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Projects

A Pulumi project is any folder which contains a Pulumi.yaml file. When in a subfolder, the closest enclosing folder with a Pulumi.yaml file determines the current project. A new project can be created with pulumi new. A project specifies which runtime to use and determines where to look for the program that should be executed during deployments. Supported runtimes are nodejs, python, dotnet, and go.

Project file

The Pulumi.yaml project file specifies metadata about your project. The project file must begin with a capitalized P, although either .yml or .yaml extension will work.

A typical Pulumi.yaml file looks like the following:

name: webserver
runtime: nodejs
description: Basic example of an AWS web server accessible over HTTP.

In addition, when using JavaScript, the working directory for the project should contain a package.json that points to a file such as index.js. In Python, there should either be a __main__.py file or a setup.py file that defines the entry point.

The following are other examples of Pulumi.yaml files that define project configurations for other use cases:

  • A Pulumi.yaml file for a nodejs program that uses JavaScript rather than TypeScript.

    name: my-project
    description: A minimal JavaScript Pulumi program.
    runtime:
    name: nodejs
    options:
        typescript: false
    
  • A Pulumi.yaml file for a go program that will only use a pre-built executable by the name mybinary.

    name: my-project
    runtime:
        name: go
        options:
            binary: mybinary
    description: A minimal Go Pulumi program
    
  • A Pulumi.yaml file for a dotnet program that will use a pre-built assembly MyInfra.dll under the bin directory.

    name: my-project
    runtime:
        name: dotnet
        options:
            binary: bin/MyInfra.dll
    description: A precompiled .NET Pulumi program
    

For more information on valid Pulumi project metadata, see Pulumi Configuration Reference.

Paths

When your Pulumi program references resources in the local filesystem, they are always relative to the working directory. The following example code references a subfolder app of the working directory, which would contain a Dockerfile and application code:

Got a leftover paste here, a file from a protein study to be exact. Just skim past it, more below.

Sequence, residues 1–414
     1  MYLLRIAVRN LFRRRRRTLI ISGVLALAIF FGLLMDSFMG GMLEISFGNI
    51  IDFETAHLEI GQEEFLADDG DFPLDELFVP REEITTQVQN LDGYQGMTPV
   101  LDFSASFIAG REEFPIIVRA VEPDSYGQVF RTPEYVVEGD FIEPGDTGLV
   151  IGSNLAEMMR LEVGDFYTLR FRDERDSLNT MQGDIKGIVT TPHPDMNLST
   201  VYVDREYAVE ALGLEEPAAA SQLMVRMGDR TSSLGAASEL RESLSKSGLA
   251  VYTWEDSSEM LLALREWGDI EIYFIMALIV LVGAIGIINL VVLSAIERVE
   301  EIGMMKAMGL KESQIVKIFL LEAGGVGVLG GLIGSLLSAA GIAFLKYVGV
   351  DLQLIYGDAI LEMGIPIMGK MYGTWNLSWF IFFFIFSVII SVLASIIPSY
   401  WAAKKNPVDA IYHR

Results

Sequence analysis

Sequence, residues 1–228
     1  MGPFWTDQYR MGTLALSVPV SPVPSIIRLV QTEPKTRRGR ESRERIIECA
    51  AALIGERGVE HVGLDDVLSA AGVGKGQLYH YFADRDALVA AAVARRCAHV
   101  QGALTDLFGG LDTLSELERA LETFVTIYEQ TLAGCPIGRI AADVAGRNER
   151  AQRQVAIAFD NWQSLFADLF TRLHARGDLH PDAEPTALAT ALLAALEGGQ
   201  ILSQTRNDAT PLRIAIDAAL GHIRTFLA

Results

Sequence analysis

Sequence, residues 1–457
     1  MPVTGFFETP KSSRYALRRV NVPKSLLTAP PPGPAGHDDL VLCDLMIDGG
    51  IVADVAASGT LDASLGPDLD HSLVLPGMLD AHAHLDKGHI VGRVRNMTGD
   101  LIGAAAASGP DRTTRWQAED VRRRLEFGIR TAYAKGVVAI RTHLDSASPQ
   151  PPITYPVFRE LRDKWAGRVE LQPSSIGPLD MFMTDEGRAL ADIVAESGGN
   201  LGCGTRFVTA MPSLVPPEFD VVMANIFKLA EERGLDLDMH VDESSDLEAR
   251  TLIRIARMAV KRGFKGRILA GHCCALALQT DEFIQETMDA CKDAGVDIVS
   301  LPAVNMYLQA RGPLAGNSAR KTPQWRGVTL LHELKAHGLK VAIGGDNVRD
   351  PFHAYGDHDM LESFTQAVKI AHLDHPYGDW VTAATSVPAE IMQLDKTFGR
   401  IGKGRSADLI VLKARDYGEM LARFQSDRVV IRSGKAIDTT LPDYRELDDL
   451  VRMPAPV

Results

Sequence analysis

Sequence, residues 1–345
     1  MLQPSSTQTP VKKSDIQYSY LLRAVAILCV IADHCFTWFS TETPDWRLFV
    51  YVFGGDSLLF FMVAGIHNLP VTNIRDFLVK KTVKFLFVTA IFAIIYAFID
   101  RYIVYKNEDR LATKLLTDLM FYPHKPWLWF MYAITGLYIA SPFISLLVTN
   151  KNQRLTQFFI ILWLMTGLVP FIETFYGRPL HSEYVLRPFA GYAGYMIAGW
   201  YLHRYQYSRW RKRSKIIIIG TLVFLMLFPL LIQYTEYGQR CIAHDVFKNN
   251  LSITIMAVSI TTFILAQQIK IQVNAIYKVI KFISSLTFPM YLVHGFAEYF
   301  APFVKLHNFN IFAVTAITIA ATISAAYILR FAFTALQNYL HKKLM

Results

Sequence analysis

const myTask = new cloud.Task("myTask", {
    build: "./app", // subfolder of working directory
    ...
});
const myTask = new cloud.Task("myTask", {
    build: "./app", // subfolder of working directory
    ...
});
myTask = Task('myTask',
    spec={
        'build': './app' # subfolder of working directory
        ...
    }
)
var myTask = new Task("myTask", new TaskArgs
{
    Build = "./app", // subfolder of working directory
    ...
});

Getting the Current Project Programmatically

The getProject getProject get_project context.Project Deployment.ProjectName function returns the name of the currently deploying project. This can be useful for naming or tagging resources.

let project = pulumi.getProject();
let project = pulumi.getProject();
project = pulumi.get_project()
project := ctx.Project()
var project = Deployment.Instance.ProjectName;

Stack Settings Files

Each stack that is created in a project will have a file named Pulumi.<stackname>.yaml that contains the configuration specific to this stack. This file typically resides in the root of the project directory.

For stacks that are actively developed by multiple members of a team, the recommended practice is to check them into source control as a means of collaboration. Since secret values are encrypted, it is safe to check in these stack settings.

When using ephemeral stacks, the stack settings are typically not checked into source control.

For more information about configuration and how this file is managed using the CLI and programming model, refer to Configuration.